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Does Something Other Than Celiac Cause Villous Blunting?


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12 replies to this topic

#1 Diagnosed&Dealing

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Posted 03 August 2011 - 04:30 AM

I was diagnosed with Celiac in Jan 2011 with a positive biopsy. My blood test was negative, but at the time I was told that is common and the biopsy is the gold standard. The first 3-4 months on gluten-free diet were WONDERFUL!!! No stomach issues at all. After being on a gluten-free diet for 7 months I went to another Dr for a second opinion because I started having some stomach/digestive issues again about 3 months ago and my previous Dr just wanted to put me on prilosec and wouldn't consider any other allergy possibilities. This new Dr said she doesn't think I have celiac because my blood test was negative. I thought the biopsy was the true teller of celiac. Has anyone else had this type of situation? I am nervous to try gluten becase the few times I think I have gotten it I have gotten very sick for a couple of days. Any thoughts????
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#2 sa1937

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Posted 03 August 2011 - 04:48 AM

I was diagnosed with Celiac in Jan 2011 with a positive biopsy. My blood test was negative, but at the time I was told that is common and the biopsy is the gold standard. The first 3-4 months on gluten-free diet were WONDERFUL!!! No stomach issues at all. After being on a gluten-free diet for 7 months I went to another Dr for a second opinion because I started having some stomach/digestive issues again about 3 months ago and my previous Dr just wanted to put me on prilosec and wouldn't consider any other allergy possibilities. This new Dr said she doesn't think I have celiac because my blood test was negative. I thought the biopsy was the true teller of celiac. Has anyone else had this type of situation? I am nervous to try gluten becase the few times I think I have gotten it I have gotten very sick for a couple of days. Any thoughts????

Your Dr. is wrong! A positive biopsy trumps the negative blood test (and vice versa). If you've been gluten-free for several months, it is quite likely that you will have a negative blood test. You do have celiac and need to stick with a strict gluten-free diet. There's no way I would go back on gluten to satisfy a doctor's curiosity.

After being gluten-free for awhile, you may have developed other intolerances to dairy or soy. It might be worth eliminating those from your diet to see if your symptoms improve.
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#3 Diagnosed&Dealing

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Posted 03 August 2011 - 05:04 AM

Your Dr. is wrong! A positive biopsy trumps the negative blood test (and vice versa). If you've been gluten-free for several months, it is quite likely that you will have a negative blood test. You do have celiac and need to stick with a strict gluten-free diet. There's no way I would go back on gluten to satisfy a doctor's curiosity.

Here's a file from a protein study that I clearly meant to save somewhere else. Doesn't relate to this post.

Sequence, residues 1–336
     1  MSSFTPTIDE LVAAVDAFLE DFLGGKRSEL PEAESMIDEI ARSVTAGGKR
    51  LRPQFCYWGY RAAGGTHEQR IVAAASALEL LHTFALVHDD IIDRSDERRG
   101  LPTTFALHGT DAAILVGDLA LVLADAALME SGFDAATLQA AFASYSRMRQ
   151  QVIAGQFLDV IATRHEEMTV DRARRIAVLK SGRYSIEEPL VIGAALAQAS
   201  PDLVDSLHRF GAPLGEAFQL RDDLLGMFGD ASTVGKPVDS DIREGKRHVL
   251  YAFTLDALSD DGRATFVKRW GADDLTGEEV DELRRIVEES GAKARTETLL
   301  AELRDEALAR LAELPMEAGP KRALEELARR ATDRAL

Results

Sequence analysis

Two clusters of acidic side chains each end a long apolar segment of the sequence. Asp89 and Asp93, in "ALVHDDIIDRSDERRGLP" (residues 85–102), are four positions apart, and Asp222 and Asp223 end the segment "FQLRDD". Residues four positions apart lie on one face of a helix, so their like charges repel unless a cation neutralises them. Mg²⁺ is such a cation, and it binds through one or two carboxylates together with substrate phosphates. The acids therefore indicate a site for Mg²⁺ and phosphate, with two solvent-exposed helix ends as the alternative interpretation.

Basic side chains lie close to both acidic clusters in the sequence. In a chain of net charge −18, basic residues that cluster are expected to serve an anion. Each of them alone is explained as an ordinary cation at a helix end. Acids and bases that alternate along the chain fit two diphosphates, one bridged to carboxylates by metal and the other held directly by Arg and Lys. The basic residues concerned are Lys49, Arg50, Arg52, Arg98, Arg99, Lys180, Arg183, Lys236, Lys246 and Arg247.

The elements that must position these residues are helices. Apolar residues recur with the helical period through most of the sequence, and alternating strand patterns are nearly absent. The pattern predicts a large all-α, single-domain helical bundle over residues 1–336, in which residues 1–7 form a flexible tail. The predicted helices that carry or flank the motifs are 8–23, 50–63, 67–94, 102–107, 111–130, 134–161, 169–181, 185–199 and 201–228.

After being gluten-free for awhile, you may have developed other intolerances to dairy or soy. It might be worth eliminating those from your diet to see if your symptoms improve.



Thank you for the quick reply. This dr put me on an antibiotic for a bacterial overgrowth. Is it common to develop bacterial overgrowths from Celiac?
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#4 chasbari

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Posted 03 August 2011 - 05:07 AM

I am going to gently disagree here. Read Elaine Gottschall's work "Breaking the Vicious Cycle" and you will find that soy can cause the same villus atrophy as seen in celiac. I found, after positive biopsy and negative serology that I have a much more painful reaction to soy than that of gluten. Gluten is bad, mind you, but soy is much worse. I have been noticing some residual problems after having gone through the SCD approach as I tried to add some fruit back into the diet. Cramps, both muscular and intestinal, as well as palpitations and general problems. I thought, at first, it was related to how much fat an protein I was consuming. Stopped the fructose intake 4 days ago and things are much better. There were other strategies I employed along with this but the driver for me was what I learned from the above mentioned book. I was shocked to read her take on over diagnosis of celiac and the fact that soy can create the same appearance in the gut. Food for though, perhaps?
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#5 sa1937

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Posted 03 August 2011 - 05:20 AM

That's interesting, chasbari. I know a lot of people have problems with soy but I honestly didn't know it could cause villous atrophy.
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Sylvia
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#6 Diagnosed&Dealing

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Posted 03 August 2011 - 05:31 AM